By Casey Luskin
Two Different Views of Origins
Figure 1. The panda's thumb. Figure Adapted by permission from Macmillan Publishers Ltd: Nature, "Role of the giant panda’s pseudo-thumb," Nature, Vol: 347:309-310, 1999.
Many famous evolutionists (like Stephen Jay Gould) have popularized an argument that the panda's thumb is "poorly designed" and thereby could not have been designed. This argument makes its way into popular books, such as Edward Humes' book Monkey Girl
which observes that Gould wrote an essay “about the panda’s unusual adaptation for stripping the bark from bamboo shoots—a rather clumsy extra thumb—as a proof of evolution in action.” (pg. 198) More specifically, Gould argues that the "thumb" of the panda (which really consists of uniquely modified wrist bones) functions much worse for grasping objects, such as bamboo shoots, than does the true opposable thumb found in humans and therefore Gould says it has poor design. ID proponents find this to be a very weak argument against design for 2 reasons.
First, poor or "sub-optimal" design does NOT refute design for poorly functioning objects can still be designed. (Ever used Microsoft Windows?)
Second, it turns out that the panda's thumb is NOT poorly designed. The human opposable thumb would actually NOT be a good design to accommodate 12 hours/day of scraping leaves from bamboo branches (which is what pandas do) however the panda's thumb can accomplish this function without a problem. A study published in Nature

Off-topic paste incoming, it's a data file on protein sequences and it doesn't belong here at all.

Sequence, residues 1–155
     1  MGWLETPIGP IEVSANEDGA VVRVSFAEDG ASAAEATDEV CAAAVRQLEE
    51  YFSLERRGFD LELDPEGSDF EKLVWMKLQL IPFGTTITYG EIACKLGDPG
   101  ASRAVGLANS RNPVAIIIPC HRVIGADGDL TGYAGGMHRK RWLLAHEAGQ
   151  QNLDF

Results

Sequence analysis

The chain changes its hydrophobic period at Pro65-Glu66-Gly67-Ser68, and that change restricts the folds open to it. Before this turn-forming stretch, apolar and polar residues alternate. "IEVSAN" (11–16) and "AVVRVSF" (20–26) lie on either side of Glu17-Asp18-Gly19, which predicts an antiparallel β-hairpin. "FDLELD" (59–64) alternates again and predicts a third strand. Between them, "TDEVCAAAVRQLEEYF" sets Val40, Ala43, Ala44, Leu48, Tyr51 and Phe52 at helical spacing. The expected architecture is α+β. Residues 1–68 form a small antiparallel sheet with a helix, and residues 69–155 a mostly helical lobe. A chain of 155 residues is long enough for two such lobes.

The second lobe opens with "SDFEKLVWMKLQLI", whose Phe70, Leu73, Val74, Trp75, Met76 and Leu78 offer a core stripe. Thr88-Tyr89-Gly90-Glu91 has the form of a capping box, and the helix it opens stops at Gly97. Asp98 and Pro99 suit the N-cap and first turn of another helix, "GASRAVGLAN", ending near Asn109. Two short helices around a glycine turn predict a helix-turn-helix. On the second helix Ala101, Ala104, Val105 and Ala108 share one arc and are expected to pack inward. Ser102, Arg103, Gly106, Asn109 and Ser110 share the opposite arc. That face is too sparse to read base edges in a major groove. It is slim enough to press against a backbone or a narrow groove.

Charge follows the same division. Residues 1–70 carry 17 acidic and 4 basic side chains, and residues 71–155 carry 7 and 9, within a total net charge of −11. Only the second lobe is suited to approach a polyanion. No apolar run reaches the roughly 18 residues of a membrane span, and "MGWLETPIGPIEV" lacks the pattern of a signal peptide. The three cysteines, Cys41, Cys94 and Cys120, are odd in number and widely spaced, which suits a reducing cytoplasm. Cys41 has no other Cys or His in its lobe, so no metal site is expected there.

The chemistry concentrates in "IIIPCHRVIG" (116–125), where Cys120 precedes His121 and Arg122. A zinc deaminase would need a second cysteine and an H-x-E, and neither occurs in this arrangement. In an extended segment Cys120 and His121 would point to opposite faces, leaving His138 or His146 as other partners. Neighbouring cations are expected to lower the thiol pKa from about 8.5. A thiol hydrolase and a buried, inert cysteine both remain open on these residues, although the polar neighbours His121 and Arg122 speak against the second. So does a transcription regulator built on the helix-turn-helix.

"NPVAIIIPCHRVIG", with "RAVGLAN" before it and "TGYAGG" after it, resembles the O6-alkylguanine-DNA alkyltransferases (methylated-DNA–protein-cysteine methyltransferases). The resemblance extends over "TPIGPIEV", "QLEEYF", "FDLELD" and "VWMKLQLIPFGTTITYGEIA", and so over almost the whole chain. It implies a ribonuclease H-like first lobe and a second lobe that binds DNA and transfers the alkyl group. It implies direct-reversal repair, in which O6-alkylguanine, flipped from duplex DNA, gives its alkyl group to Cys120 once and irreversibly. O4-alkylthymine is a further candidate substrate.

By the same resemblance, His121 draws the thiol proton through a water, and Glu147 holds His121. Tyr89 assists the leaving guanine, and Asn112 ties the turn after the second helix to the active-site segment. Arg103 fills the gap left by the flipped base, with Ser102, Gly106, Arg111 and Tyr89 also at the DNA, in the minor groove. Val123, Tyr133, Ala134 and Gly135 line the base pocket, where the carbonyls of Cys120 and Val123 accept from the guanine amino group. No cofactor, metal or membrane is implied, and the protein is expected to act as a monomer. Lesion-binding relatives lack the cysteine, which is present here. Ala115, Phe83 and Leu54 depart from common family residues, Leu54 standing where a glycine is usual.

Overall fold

used MRI and computer tomography to analyze the panda's thumb and concluded the following:
"The radial sesamoid bone and the acessory carpal bone form a double pincer-like apparatus in the medial and lateral sides of the hand, respectively, enabling the panda to manipulate objects with great dexterity."
(Hideki Endo, Daishiro Yamagiwa, Yoshihiro Hayashi, Hiroshi Koie, Yoshiki Yamaya, Junpei Kimura, "Role of the giant panda’s pseudo-thumb," Nature, Vol: 347:309-310, January 28, 1999, emphasis added).)
The authors go on to marvel at the functionality of the panda thumb saying, "[t]he way in which the giant panda .. uses the radial sesamoid bone -- its 'pseudo-thumb' -- for grasping makes it one of the most extraordinary manipulation systems in mammalian evolution." That doesn't sound like "poor design" to me and I think the "panda's thumb is poor design" argument is now a Darwinian urban legend that has been debunked.